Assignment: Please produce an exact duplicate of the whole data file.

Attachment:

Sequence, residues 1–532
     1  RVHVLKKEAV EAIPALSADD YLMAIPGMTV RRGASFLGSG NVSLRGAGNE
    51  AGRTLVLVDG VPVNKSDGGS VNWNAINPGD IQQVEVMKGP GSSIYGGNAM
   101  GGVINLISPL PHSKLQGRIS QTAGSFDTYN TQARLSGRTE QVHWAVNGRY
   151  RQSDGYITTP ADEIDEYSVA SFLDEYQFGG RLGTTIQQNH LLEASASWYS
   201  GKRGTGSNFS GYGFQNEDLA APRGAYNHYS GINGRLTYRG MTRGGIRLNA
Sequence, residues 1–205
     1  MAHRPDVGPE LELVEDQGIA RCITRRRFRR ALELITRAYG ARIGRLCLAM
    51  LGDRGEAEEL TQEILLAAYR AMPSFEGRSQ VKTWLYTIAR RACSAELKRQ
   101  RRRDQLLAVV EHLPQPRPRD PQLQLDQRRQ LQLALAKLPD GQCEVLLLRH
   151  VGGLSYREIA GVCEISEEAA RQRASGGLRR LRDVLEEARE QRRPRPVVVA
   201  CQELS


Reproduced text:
Sequence, residues 1–532
     1  RVHVLKKEAV EAIPALSADD YLMAIPGMTV RRGASFLGSG NVSLRGAGNE
    51  AGRTLVLVDG VPVNKSDGGS VNWNAINPGD IQQVEVMKGP GSSIYGGNAM
   101  GGVINLISPL PHSKLQGRIS QTAGSFDTYN TQARLSGRTE QVHWAVNGRY
   151  RQSDGYITTP ADEIDEYSVA SFLDEYQFGG RLGTTIQQNH LLEASASWYS
   201  GKRGTGSNFS GYGFQNEDLA APRGAYNHYS GINGRLTYRG MTRGGIRLNA
Sequence, residues 1–205
     1  MAHRPDVGPE LELVEDQGIA RCITRRRFRR ALELITRAYG ARIGRLCLAM
    51  LGDRGEAEEL TQEILLAAYR AMPSFEGRSQ VKTWLYTIAR RACSAELKRQ
   101  RRRDQLLAVV EHLPQPRPRD PQLQLDQRRQ LQLALAKLPD GQCEVLLLRH
   151  VGGLSYREIA GVCEISEEAA RQRASGGLRR LRDVLEEARE QRRPRPVVVA
   201  CQELS